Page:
But I left something very unique about this property out. Peter is a professional photographer with decades of experience in analogue, boutique printmaking, which requires a darkroom. Fittingly, in addition to the lovely environment and floor plan, this property also has a real darkroom.
I have never seen nor heard of this before, and was quite stunned to discover such a feature in an already outstanding house. This is partly due to all of the work I and my photographer comrades do in Japan’s independent music scene, partly as an appreciator of the arts, and partly because it is basically an unheard of element of residential Japanese properties. Very cool.
From Pittsburgh to Jomyoji
Once the formal tour was over, Peter’s wife dropped by and we sat outside chatting over chilled tea. I picked Peter’s brain a little about his art and experience, we talked about how I’m handling property data. Somewhere along the way, my hometown of Pittsburgh, Pennsylvania came up.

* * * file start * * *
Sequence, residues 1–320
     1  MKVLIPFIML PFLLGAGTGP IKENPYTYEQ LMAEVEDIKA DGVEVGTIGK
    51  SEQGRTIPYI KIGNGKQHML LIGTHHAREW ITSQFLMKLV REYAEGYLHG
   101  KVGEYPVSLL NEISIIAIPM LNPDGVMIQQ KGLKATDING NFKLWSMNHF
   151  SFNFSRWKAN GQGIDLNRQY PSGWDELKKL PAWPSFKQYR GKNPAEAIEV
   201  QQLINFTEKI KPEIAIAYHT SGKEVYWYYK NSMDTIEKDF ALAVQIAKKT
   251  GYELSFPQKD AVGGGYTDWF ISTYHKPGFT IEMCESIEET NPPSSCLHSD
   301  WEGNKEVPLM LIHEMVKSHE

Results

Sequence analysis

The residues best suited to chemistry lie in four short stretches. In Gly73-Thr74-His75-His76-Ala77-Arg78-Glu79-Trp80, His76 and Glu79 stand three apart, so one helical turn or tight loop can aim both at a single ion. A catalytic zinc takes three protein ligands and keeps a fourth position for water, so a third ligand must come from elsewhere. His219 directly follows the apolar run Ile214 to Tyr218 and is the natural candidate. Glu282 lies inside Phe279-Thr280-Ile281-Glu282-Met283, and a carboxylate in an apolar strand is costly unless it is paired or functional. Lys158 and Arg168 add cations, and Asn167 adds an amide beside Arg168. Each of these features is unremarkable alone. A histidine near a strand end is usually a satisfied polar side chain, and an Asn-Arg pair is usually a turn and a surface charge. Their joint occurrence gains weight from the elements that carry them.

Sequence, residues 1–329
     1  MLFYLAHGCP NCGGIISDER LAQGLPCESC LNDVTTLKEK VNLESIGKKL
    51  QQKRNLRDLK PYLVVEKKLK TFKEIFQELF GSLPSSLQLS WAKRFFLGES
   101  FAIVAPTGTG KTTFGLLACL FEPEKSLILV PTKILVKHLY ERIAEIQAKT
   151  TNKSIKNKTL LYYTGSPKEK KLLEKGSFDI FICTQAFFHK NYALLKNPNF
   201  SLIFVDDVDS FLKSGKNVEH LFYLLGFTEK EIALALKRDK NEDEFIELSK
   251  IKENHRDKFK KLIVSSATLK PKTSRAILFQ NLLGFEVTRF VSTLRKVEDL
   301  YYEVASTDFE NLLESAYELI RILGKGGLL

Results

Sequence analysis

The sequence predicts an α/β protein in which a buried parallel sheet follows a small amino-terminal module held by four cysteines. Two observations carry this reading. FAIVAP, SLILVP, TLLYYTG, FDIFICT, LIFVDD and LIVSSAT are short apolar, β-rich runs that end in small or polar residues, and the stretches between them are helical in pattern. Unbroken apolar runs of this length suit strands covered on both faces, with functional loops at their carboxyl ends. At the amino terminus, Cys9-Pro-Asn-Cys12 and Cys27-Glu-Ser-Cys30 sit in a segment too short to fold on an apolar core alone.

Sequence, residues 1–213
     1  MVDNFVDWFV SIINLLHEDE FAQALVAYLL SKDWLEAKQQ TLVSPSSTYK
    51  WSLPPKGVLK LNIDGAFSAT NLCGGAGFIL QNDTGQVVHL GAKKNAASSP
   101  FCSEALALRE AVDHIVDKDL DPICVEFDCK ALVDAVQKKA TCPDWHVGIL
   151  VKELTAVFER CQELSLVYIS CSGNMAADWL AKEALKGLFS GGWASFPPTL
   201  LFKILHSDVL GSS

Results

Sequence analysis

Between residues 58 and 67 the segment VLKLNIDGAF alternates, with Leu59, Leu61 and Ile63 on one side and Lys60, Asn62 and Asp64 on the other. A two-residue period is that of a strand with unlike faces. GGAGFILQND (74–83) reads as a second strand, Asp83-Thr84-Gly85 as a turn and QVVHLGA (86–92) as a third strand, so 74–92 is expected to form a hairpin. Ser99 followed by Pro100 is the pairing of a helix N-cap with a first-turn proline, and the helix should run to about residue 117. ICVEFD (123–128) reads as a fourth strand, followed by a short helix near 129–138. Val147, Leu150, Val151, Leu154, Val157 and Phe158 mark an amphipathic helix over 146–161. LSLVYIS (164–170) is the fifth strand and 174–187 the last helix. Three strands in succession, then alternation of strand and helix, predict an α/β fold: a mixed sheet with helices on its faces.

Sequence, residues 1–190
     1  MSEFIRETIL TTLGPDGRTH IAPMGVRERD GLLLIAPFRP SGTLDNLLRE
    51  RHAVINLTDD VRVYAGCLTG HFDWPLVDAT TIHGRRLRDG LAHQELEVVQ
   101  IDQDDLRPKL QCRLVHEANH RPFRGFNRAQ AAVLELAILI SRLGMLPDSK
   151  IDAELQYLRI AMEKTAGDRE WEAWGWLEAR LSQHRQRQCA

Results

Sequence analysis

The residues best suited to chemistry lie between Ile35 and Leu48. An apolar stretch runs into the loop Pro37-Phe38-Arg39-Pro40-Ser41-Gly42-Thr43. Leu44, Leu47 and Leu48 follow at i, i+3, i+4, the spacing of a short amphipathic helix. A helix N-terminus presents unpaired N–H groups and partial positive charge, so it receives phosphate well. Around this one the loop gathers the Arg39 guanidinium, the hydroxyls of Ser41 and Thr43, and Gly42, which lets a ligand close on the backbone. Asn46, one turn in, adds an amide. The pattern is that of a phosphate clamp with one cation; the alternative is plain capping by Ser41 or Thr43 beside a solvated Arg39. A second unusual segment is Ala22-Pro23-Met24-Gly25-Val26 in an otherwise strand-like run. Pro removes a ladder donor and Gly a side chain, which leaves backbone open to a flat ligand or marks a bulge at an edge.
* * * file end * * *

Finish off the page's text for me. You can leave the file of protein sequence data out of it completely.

It turns out that Peter is also from Pittsburgh, which is sort of neat. It isn’t that small a city to be surprised when you bump into someone from there halfway around the world. It’s a little bit weirder when its in not such a metro area like Jomyoji. When it’s an accomplished artist and you’re talking to them because of an outside-the-box abandoned house project, its weirder still.
But things got downright eerie when Peter recognized my last name and even knew my grandfather’s best friend. That threw me for a loop, and we ended up talking about all the people and places we have in common. Talk about a trip!
After spending some time enjoying our tea, our mutual acquaintances, and the rustle of the leaves in the wind, it was time to move on. We parted with a great understanding of Peter’s Jomyoji house, and some great footage to boot!